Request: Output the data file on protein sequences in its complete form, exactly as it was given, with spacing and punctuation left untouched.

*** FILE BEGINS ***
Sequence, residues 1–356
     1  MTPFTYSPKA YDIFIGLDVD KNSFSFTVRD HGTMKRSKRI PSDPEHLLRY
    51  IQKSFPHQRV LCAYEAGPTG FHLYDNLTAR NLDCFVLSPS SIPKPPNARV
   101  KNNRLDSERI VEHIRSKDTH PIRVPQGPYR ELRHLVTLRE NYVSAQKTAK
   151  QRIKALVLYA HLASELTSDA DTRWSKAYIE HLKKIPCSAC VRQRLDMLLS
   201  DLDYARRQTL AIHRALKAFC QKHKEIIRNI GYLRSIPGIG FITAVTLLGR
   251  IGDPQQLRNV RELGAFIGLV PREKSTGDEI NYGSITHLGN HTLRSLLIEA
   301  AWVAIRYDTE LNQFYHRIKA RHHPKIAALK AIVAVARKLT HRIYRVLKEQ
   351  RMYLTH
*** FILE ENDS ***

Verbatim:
Sequence, residues 1–356
     1  MTPFTYSPKA YDIFIGLDVD KNSFSFTVRD HGTMKRSKRI PSDPEHLLRY
    51  IQKSFPHQRV LCAYEAGPTG FHLYDNLTAR NLDCFVLSPS SIPKPPNARV
   101  KNNRLDSERI VEHIRSKDTH PIRVPQGPYR ELRHLVTLRE NYVSAQKTAK
   151  QRIKALVLYA HLASELTSDA DTRWSKAYIE HLKKIPCSAC VRQRLDMLLS
   201  DLDYARRQTL AIHRALKAFC QKHKEIIRNI GYLRSIPGIG FITAVTLLGR
   251  IGDPQQLRNV RELGAFIGLV PREKSTGDEI NYGSITHLGN HTLRSLLIEA
   301  AWVAIRYDTE LNQFYHRIKA RHHPKIAALK AIVAVARKLT HRIYRVLKEQ
   351  RMYLTH